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June 10, 1911


Author Affiliations

Physician to the New York Skin and Cancer Hospital, Consulting Dermatologist to the Randall Island Hospitals, Consulting Physician to the New York Hospital NEW YORK CITY

JAMA. 1911;LVI(23):1706-1709. doi:10.1001/jama.1911.02560230008005

Although I have not heretofore attained all the success which could be desired with the x-ray treatment of ringworm of the scalp, I was so profoundly impressed with the results observed during a recent trip to London and Paris, that I do not hesitate to urge this plan of treatment when it can be properly carried out. As is the case, however, in many matters in medical and surgical practice, the personal equation and the experience of the operator are great factors in success in the employment of the x-rays; but with sufficient care and vigilance, dexterity can be secured by many in the use of this remedy, and the best results obtained.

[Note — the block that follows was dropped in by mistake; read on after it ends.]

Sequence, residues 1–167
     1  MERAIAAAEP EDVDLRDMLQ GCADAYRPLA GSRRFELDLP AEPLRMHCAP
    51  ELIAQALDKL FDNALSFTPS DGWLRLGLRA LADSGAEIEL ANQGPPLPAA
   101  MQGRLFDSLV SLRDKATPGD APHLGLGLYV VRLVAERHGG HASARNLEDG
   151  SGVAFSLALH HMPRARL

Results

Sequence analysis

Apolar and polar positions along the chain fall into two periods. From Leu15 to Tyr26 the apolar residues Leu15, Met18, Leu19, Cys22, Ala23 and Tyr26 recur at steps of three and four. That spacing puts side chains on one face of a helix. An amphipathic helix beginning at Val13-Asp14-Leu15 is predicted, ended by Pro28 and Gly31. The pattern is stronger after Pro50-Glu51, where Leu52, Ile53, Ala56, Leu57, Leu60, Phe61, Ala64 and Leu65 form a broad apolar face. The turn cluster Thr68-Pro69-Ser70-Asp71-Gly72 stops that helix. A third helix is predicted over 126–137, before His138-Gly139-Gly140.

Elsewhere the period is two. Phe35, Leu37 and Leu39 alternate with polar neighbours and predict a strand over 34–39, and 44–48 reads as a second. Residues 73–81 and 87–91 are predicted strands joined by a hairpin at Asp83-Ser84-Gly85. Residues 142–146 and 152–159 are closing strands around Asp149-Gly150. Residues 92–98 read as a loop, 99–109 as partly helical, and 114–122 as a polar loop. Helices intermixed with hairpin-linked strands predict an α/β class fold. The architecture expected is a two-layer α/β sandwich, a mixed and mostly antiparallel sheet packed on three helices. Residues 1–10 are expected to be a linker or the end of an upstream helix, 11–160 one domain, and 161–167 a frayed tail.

Ringworm of the scalp is often regarded too lightly. While certain recent cases may yield readily to various forms of treatment, and while the disease tends to pass away at puberty, no one who has had much to

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